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Afghan refugees face a dire need for affordable rental housing in high-priced Seattle

Heidi Groover, The Seattle Times on

Published in Home and Consumer News

Thousands of Afghan refugees evacuated in the United States' withdrawal from Afghanistan are bracing for new challenges in America, countless adjustments to a new life in a new place and ongoing fear and grief for those left behind.

For refugees arriving in Seattle, add to that the sky-high cost of housing.

Seattle-area resettlement agencies say they are facing a dire need for affordable rental housing, far beyond temporary stays in hotels or local homes. Rising rents, slim supply and wary landlords make for a tight market, aid groups say.

"It's a welcoming environment and has been for more than 40 years. Yet the housing market does not support all these other aspects of welcome," said Nicky Smith, executive director of the International Rescue Committee in Seattle.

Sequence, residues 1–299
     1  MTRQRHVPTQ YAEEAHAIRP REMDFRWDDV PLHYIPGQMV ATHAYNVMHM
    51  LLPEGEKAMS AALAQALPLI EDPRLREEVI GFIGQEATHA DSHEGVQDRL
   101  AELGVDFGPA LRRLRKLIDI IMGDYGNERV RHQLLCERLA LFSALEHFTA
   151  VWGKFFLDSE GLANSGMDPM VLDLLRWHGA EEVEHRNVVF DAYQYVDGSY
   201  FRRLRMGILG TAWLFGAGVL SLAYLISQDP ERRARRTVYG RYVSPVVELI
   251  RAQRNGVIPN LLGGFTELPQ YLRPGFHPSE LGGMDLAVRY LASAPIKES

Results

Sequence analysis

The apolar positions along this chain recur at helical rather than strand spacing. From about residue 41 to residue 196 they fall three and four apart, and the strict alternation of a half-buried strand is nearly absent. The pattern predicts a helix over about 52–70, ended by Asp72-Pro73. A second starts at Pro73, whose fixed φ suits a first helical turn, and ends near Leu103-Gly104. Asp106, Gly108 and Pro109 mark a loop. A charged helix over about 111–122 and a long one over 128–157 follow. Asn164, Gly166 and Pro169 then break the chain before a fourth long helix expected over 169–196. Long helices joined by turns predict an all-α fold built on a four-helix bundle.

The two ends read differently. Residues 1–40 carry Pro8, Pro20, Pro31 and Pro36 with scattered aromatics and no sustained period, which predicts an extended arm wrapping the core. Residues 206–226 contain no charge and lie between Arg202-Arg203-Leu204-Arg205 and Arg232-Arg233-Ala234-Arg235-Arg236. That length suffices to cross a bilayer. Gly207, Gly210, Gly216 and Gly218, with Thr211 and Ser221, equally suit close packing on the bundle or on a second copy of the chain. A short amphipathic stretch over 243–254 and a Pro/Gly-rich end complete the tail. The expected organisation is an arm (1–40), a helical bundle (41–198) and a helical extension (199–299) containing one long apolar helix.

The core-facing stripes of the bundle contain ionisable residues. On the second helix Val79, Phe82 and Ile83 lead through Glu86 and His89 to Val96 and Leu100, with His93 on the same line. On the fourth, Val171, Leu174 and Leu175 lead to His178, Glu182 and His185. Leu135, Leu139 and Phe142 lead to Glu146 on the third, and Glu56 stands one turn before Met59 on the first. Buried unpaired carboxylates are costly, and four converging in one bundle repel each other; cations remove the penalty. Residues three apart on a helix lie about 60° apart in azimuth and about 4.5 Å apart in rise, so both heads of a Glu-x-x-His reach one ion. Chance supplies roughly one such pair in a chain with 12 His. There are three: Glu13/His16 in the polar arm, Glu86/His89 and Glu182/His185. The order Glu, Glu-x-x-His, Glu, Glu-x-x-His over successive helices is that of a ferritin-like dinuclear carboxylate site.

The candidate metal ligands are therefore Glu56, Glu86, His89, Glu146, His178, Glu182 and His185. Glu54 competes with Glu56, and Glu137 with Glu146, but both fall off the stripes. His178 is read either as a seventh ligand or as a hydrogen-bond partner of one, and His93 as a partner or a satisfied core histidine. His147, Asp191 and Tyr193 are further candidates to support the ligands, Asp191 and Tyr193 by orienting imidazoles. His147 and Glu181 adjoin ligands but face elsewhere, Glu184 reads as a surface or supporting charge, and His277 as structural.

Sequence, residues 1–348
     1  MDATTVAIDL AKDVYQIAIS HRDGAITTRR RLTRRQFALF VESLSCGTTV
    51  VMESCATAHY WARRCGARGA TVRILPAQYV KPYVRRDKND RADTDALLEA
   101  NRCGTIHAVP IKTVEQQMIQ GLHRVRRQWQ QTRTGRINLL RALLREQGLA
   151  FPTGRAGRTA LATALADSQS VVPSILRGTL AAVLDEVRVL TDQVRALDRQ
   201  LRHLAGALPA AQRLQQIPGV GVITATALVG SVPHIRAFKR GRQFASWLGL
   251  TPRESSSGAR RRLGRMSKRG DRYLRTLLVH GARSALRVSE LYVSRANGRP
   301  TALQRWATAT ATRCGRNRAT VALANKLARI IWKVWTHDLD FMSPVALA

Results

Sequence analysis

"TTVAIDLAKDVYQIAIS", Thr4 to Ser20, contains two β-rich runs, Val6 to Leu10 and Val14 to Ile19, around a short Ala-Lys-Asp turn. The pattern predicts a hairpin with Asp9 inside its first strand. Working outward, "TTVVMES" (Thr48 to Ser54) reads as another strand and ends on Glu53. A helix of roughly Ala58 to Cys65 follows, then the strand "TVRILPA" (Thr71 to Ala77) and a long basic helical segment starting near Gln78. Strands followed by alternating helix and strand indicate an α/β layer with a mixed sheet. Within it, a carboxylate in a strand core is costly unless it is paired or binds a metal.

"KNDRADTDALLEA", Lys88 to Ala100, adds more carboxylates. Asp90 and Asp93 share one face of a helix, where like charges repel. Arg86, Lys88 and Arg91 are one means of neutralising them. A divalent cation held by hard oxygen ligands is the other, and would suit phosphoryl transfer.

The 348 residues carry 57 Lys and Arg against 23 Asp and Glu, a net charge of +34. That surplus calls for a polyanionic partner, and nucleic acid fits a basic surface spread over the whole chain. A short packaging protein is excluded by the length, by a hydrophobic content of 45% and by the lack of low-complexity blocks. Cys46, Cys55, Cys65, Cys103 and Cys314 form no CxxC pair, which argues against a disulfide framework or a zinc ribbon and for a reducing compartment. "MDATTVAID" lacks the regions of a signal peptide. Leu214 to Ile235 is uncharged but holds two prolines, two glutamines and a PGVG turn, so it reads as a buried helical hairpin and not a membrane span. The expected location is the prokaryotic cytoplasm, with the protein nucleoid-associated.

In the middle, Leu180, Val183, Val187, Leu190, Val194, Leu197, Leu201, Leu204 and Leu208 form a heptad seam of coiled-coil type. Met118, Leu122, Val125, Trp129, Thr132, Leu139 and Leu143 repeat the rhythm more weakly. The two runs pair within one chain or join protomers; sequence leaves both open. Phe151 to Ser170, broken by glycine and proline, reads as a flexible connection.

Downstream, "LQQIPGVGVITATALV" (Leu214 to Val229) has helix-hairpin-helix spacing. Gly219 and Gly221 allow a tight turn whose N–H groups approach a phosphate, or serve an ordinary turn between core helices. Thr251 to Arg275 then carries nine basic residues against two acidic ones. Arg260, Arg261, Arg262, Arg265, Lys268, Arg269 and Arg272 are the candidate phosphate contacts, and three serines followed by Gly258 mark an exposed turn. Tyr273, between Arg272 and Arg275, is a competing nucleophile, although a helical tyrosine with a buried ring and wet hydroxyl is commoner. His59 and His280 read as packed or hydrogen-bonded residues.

The Seattle area is one of the most expensive places in the country to rent an apartment. Although rents in the city dipped during the pandemic, they are once again on the rise and fewer apartments are vacant. Rents for single-family homes are also climbing. Outside Seattle, in the suburbs where many refugees resettle, rents never fell.

Few apartments offer enough space for newly arriving families, and only a limited number of landlords are willing to rent to tenants without rental histories or social security numbers, aid groups say.

 

In the new effort to resettle Afghans, "housing is going to be the predominant issue," said Greg Hope, director of the refugee resettlement office of the Episcopal Diocese of Olympia. "It will be everybody's main worry."

One refugee who arrived in the Seattle area with his wife and children last year said he misses his spacious house in Afghanistan, where family members had their own rooms and his children could play in the yard outside.

Now, he now shares a two-bedroom apartment in Federal Way with six other family members. His cousin and family moved in "so we can share the rent burden together," he said.

(The Seattle Times is not publishing the man's name to protect his family members still in Afghanistan.)

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